Even though a German diplomat will consistently have powerful state support compared to a Moldavian one, the latter might be honoured with advanced tacit knowledge shaping the notion of negotiation. On the other hand, diplomats of more influential states might contemplate the role of tacit knowledge in the diplomatic practice of less powerful states. Thus, Robertson stresses the importance of tacit knowledge and our ability to include it in analyses of diplomatic style.

However, we should also consider convenient and inconvenient aspects influencing diplomatic style, notably technological development, information extraction and surveillance. These aspects form a DNA of national representations and negotiation practices. Thus, I would slightly question Robertson’s statement in the book that ‘diplomacy is built upon tacit knowledge’ (p. 46). Nonetheless, he is perfectly right to include all four assumptions to support his definition.

Robertson uses an astute manoeuvre to come up with ideal types of diplomatic style by adopting Weber’s four models of social action in the following readings: purposive-rational – The Prince by Niccolò Machiavelli; traditional – De la Manière de Négocier by Francois de Callières; emotional – A Guide to Diplomatic Practice by Ernest Satow; and value-rational – Diplomacy by Harold Nicolson. By this, Robertson completes his theoretical part. He endorses using those four concepts to analyse any type of diplomatic practice to determine the working style. So, where does the Republic of Korea stand in Robertson’s four diplomatic styles?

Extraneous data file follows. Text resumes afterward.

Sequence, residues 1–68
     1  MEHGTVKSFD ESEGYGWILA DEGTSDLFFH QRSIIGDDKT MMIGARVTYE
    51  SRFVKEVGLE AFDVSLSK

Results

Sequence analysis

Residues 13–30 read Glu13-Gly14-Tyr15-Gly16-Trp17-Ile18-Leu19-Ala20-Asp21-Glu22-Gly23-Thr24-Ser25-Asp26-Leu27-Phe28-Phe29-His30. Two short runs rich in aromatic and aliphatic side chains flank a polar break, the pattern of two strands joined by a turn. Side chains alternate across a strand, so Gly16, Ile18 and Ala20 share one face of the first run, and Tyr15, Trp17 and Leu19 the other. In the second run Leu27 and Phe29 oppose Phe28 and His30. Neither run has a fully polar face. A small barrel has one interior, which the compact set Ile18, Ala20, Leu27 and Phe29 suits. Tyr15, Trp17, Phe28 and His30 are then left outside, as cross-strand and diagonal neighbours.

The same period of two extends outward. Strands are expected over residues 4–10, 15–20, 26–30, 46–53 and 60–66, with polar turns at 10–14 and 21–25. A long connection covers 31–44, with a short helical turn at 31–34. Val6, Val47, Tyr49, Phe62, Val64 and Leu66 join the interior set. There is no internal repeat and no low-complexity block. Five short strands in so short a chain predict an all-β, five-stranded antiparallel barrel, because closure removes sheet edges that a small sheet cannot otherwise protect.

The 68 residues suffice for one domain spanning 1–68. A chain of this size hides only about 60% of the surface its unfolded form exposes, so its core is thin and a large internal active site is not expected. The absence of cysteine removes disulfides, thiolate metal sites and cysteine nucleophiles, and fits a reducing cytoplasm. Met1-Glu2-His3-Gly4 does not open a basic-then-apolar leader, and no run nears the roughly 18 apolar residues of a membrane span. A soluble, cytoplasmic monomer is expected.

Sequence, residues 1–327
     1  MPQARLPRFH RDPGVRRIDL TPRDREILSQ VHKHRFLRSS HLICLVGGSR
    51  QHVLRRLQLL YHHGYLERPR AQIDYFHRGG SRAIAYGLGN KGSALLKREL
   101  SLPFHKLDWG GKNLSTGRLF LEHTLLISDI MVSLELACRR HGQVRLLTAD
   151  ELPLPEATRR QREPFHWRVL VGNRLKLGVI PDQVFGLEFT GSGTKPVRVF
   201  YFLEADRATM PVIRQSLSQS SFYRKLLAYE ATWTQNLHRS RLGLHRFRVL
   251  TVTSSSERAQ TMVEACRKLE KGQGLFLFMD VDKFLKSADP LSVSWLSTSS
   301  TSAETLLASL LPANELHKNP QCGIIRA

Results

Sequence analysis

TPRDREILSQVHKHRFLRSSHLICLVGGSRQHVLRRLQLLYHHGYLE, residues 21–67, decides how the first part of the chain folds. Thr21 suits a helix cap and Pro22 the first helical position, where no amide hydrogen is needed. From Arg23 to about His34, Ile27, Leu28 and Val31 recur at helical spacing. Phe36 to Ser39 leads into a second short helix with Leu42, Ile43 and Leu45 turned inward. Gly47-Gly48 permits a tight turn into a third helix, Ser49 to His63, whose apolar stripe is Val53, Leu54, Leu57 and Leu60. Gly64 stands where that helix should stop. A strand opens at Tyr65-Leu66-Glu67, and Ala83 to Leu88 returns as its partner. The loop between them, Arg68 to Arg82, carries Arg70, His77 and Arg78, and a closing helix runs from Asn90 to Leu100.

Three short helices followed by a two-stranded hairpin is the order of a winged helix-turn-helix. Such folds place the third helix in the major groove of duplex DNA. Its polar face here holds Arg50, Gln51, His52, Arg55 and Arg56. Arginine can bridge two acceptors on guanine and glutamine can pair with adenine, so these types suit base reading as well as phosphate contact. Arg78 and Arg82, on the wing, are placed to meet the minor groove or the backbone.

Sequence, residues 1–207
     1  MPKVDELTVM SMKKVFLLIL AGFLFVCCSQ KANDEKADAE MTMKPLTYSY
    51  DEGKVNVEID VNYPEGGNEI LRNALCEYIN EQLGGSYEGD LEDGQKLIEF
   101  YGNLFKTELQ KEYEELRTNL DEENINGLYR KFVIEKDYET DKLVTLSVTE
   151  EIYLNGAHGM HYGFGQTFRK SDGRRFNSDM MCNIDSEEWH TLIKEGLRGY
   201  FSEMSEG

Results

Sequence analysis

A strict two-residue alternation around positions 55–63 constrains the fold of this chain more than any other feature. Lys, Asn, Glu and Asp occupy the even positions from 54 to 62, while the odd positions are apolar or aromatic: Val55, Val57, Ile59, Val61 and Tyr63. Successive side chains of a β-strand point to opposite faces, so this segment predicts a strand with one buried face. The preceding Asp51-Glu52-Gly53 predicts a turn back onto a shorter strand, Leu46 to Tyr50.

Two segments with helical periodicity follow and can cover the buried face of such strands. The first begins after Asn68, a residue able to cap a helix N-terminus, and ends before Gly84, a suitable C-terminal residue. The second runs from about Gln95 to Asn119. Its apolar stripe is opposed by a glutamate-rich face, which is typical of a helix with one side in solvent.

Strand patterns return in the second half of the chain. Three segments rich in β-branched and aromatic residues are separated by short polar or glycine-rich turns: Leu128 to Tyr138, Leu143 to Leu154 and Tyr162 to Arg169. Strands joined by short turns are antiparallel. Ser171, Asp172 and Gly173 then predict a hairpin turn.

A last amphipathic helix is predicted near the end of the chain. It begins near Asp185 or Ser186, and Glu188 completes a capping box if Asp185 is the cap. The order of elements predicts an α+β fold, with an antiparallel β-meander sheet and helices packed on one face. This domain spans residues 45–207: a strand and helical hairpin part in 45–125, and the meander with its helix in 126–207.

Based on 64 narratives, Robertson concludes that the South Korean diplomatic practice involves an emotion-oriented diplomatic style. Asian diplomats have the reputation for being very pragmatic, rational and devoid of emotion. So, where can we see those emotions?

According to Robertson, Korean diplomatic practice has four virtues – ‘status, generational change, cosmopolitanism and estrangement’ (p. 164). It is the last theme, estrangement, which appears as the most interesting component influencing South Korean diplomatic style (an emotional layer of it).

Structuring on James Der Derian’s text On Diplomacy: A Genealogy of Western Estrangement, the author explains the theoretical ground of his reasoning about estrangement. The most prominent factors causing estrangement are the geographical position and historical development of South Korea. Perpetual interactions of major powers in the region determine the former. The latter demonstrates that the history of South Korea was often modified by decisions of China, Japan and the USA. This finding points to the gravity of South Korean estrangement through diplomatic practice.

The innovative aspect of Robertson’s research draws a valuable theoretical framework of diplomatic style, focusing on the understanding of the analytical insights of foreign policies. The book also delivers a message to academic and professional communities calling for a more intense mutual partnership. In conclusion, Robertson's book presents a way to strengthen the quality of diplomatic practice by scrutinising the principles of diplomatic style.